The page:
Politicians have a knack for turning important topics into buzzwords that they can easily dismiss. They will often twist the meaning and simplify something as complex as an economic system. Some scream socialism or communism without a second thought. Oftentimes we see people going against these systems lacking any knowledge of what they entail. People who are obsessed with their political parties will then spread their fear around. Few, if any, stop to actually research any of the known economic systems. Our systems should be adaptable. We shouldn’t have to apply a single thought line to everything because it denies our very nature. That we are a diverse group with varying needs and wants. Any economic system we choose to have must possess a large dose of humanism or we will never grow with them. They will forever become avenues that people in power will abuse for their own gain. Greed will be our undoing. Whatever we call our economy it must respond to us and our needs, not the other way around. It is imperative that we don’t just choose one, but instead build something tailored to our needs.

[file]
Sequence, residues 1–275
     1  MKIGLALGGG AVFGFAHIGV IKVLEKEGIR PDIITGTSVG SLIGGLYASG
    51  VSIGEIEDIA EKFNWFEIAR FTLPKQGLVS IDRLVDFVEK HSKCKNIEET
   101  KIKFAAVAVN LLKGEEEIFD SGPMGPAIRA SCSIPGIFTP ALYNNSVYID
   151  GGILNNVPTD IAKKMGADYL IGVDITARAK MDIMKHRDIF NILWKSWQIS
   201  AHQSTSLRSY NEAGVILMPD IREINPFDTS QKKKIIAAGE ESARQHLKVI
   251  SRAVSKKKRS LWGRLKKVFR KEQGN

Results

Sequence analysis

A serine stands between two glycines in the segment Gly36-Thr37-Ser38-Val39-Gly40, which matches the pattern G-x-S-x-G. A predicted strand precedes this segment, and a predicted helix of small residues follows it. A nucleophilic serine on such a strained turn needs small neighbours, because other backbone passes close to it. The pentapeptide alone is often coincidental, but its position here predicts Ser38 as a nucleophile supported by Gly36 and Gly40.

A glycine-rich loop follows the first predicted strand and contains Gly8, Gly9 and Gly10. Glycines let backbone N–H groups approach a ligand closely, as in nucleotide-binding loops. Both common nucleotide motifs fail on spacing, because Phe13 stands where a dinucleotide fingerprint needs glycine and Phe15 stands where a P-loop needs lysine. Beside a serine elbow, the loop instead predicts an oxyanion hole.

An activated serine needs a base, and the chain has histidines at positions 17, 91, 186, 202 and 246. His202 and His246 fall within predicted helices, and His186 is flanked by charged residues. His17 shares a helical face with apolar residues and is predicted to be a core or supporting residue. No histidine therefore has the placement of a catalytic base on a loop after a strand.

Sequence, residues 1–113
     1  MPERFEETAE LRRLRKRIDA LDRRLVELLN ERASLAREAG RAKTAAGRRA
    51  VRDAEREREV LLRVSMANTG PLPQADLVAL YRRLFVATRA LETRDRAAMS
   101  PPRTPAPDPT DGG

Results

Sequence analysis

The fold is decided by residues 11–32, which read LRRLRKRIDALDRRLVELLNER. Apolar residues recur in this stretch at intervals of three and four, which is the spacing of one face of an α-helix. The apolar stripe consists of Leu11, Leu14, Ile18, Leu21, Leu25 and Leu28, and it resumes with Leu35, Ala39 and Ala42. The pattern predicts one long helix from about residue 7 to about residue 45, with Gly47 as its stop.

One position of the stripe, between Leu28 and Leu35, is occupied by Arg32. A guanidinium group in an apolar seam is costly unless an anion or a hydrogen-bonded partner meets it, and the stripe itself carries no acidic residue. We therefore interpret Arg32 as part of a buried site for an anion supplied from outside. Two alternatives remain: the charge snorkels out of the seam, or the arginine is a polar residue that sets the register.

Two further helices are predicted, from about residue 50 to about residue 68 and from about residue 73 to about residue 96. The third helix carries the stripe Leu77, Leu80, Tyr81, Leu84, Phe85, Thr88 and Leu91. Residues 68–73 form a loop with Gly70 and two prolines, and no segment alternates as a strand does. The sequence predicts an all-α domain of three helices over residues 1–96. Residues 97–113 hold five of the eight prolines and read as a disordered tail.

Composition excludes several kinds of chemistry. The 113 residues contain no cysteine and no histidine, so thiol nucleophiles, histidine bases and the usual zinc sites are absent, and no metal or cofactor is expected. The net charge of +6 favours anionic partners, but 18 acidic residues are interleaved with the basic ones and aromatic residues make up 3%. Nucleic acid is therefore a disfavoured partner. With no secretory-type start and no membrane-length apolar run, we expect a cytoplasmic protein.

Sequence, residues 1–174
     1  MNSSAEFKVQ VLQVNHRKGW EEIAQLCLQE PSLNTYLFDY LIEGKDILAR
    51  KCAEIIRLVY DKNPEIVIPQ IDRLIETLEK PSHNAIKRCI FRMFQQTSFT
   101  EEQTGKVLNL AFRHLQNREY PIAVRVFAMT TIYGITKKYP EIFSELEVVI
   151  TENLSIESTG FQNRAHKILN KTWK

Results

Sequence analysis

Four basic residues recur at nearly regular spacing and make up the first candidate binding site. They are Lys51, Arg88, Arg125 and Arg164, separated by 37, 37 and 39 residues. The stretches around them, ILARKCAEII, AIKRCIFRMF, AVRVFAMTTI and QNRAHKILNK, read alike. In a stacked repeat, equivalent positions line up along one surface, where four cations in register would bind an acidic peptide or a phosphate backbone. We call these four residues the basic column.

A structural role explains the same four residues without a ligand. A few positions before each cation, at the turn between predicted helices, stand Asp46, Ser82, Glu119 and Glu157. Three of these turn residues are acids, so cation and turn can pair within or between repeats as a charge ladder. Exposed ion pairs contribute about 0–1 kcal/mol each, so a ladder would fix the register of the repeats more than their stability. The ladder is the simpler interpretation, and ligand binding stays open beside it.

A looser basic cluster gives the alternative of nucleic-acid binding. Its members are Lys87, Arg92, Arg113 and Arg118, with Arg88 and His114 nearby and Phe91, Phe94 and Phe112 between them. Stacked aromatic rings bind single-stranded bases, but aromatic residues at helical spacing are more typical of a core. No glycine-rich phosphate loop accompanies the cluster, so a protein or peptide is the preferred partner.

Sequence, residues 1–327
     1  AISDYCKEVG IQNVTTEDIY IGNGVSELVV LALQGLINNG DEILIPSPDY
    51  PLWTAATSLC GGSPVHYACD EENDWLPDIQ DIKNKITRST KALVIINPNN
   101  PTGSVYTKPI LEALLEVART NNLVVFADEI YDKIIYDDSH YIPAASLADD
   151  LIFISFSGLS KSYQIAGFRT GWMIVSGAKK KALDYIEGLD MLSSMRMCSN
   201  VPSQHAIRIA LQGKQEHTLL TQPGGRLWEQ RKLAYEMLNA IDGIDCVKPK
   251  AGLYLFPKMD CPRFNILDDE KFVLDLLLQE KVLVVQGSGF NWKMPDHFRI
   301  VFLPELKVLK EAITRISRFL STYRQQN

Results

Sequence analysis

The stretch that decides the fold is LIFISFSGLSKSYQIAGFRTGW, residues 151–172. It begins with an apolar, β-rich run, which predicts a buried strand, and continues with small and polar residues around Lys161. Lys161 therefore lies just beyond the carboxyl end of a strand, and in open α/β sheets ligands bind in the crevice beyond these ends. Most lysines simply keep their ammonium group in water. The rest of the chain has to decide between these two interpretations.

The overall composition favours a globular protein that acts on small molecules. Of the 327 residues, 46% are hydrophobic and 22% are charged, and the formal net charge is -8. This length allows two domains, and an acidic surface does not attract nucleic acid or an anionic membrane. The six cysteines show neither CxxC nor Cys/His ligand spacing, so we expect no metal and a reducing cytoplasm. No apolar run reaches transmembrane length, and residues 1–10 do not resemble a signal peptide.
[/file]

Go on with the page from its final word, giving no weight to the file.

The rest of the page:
Food, shelter, healthcare and education. These are the fundamental needs of every human being. Some might argue that education isn’t a fundamental need, but without it we cannot have a functioning society. If we could find a way to ensure these four elements as unalienable Rights we could perhaps finally move forward as a civilization. It is shameful that despite our technological advancements we still haven’t found a way to balance this out. We have economists, scientists, financial analysts and others who could convene and do the necessary work to make these things a reality. Sadly, such a thing will remain a dream as long as politicians, blinded by their greed, power and rivalries, continue to diverge from the problems that affect us. They alone, with very few exceptions, are responsible for many of our problems. As elected leaders many do not recognize the influence they have on their followers. In their constant, short sighted endeavors they condemn the future of many either through inaction or indifference.